Remember what it was like to be new here? Before you knew which levels connect between all the buildings and which don’t, or how to check your paystub, or maybe even what IWK stands for (Izaak Walton Killam for those still searching). Maybe that was decades ago, or maybe you only joined the team this year. Whenever it was, someone on your team probably helped you out and taught you the ropes in your new role.
You may not have realized it, and they may not have either, but that colleague was acting as a preceptor.
A preceptor is someone who is more experienced, supporting someone who is less experienced, and that relationship is uniquely focused on learning and developing competencies for a job or role. Often when we think of this type of relationship, we think of students coming for a placement in a clinical environment but in fact, preceptorship happens for students and new hires, and in clinical and operational roles.
At the IWK, we have more than 1,000 staff acting in preceptor roles and in the last year alone, we had 1,451 students (not including medical students) across 39 disciplines. If you add in new hires, those numbers jump even higher.
Betty Ann Robinson, professional development consultant, and Lisa Clements-Titcombe, learning consultant, are on the IWK’s Learning Team and they know the importance of this type of learning and support.
“It sounds dramatic, but this environment can be life or death,” says Clements-Titcombe. “Before you get here, you can read how to do it, but it’s completely different doing something in the actual setting and getting to the point where you feel safe and confident doing it.”
That hands-on learning is happening across most areas at the IWK.
“Because we’re a health centre, we tend to focus on excellence in clinical care, but I would challenge us to think about that more comprehensively. We have excellence across all areas and when new people are joining those teams, they deserve the same sort of excellence in their preceptored experience,” says Robinson.
Sharing their experience as preceptors are two health promotion specialists working in the IWK’s Adolescent Intensive Services (AIS): Lila Pavey and Erica Adams. Both see the value in preceptorship for the students, but also for themselves and the IWK as a whole.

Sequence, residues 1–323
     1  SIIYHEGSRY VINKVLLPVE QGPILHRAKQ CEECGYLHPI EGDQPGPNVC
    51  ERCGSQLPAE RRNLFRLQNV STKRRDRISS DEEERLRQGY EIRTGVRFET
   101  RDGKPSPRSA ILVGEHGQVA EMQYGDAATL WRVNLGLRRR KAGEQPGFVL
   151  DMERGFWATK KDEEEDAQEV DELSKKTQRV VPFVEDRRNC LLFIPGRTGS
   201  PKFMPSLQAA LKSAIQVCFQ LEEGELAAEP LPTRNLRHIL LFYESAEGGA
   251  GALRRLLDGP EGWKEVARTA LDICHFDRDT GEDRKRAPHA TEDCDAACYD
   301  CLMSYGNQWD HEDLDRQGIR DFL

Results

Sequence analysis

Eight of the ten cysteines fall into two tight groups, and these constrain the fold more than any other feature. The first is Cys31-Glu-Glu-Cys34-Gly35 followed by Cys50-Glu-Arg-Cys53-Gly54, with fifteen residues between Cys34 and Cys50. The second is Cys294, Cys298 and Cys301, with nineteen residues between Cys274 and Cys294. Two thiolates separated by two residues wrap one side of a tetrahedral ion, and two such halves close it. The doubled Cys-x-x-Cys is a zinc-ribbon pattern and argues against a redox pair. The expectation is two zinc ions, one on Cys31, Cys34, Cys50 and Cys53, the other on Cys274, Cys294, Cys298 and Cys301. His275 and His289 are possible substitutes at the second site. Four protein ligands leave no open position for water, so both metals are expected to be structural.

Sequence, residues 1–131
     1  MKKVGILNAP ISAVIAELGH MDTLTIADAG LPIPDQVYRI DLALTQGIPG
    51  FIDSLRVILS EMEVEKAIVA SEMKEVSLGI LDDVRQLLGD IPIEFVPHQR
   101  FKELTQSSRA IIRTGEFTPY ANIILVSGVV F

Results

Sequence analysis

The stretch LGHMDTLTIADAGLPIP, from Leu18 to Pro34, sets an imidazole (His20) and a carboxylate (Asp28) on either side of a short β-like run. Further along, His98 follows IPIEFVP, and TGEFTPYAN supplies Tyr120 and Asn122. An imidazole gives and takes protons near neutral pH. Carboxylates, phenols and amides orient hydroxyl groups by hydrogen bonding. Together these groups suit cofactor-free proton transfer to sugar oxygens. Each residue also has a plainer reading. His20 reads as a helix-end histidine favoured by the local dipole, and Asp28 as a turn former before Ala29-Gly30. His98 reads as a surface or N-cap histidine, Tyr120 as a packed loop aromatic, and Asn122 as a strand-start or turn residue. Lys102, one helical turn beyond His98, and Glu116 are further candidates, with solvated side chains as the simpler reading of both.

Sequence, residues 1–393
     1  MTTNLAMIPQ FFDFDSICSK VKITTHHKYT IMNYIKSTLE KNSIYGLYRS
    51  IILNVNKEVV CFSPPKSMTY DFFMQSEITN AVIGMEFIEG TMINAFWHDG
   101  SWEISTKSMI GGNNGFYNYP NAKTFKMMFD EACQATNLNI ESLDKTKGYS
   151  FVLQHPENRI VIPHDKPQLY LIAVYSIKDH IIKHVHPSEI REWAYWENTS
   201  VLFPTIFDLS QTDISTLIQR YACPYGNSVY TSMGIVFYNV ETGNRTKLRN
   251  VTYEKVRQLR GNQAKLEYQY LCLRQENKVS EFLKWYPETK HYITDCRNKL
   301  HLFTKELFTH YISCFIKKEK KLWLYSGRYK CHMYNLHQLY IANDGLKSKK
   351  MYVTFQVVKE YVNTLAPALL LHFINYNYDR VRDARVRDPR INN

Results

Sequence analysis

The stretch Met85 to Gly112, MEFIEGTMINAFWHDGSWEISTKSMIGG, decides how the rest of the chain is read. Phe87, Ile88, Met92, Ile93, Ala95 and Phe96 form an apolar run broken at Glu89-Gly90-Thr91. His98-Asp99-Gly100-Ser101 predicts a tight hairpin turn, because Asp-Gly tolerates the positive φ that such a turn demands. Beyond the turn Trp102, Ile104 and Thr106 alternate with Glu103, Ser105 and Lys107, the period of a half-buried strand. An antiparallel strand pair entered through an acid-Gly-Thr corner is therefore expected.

“I absolutely love being a preceptor. Preceptorship can be a lot of work but the more time, structure and organization the preceptor puts in at the beginning, the more independent, capable and empowered the student will feel and the more your team can collectively accomplish. It’s also a great opportunity for me to stay connected to emerging information and learnings from the student perspective. It’s a two-way learning street.”
Preceptorship is incredibly valuable in stretching the student experience in all directions. Having students get involved in the behind-the-scenes operations and understanding the bigger picture of the organization around them creates a well-rounded perspective. By taking on different roles and functions within the placement, a student is able to learn and observe how the more traditional roles are connected and dependent on the others,” says Pavey.
“Giving students an opportunity to immerse themselves in the workplace, and apply the skills and knowledge they‘ve acquired over years of school, can be extremely rewarding. Often times it can be challenging to transfer theory to practice. Placement tends to be a little bit of a reality check where they begin to understand more about that “art” of health promotion, not just the foundations and theoretical frameworks.
Within an organization as large as the IWK, there are so many important and diverse roles that aren’t traditional health care roles and without opportunities for preceptorship, students may not know they exist or understand how their particular interest is applicable to health care. Making preceptorship opportunities available in various fields is a great way to also recruit students into careers with the IWK, says Adams.”
This Friday, April 12 is Preceptor Recognition Day – an annual celebration the IWK Learning Team created specifically to recognize preceptorship in our health centre.
“Preceptoring is a way of life at the IWK. When you’re preceptoring, supervising or orienting new people, you’re contributing to the excellence the IWK is known for,” says Robinson. “This is your day to be celebrated.”
Check out the link below to meet some of our IWK preceptors.